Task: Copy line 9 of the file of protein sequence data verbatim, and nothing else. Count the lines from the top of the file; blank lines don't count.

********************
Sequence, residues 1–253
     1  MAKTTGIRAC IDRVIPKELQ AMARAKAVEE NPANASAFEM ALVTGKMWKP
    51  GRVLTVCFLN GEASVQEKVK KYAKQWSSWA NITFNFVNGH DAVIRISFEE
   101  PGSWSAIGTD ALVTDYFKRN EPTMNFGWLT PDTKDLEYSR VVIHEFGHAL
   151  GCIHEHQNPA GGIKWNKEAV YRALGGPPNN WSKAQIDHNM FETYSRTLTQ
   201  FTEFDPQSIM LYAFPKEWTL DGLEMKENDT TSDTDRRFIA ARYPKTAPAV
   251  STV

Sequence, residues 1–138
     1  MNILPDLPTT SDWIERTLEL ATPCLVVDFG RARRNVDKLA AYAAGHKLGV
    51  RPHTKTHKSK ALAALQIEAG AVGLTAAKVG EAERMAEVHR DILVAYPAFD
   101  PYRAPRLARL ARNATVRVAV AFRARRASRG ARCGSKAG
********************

     1  MNILPDLPTT SDWIERTLEL ATPCLVVDFG RARRNVDKLA AYAAGHKLGV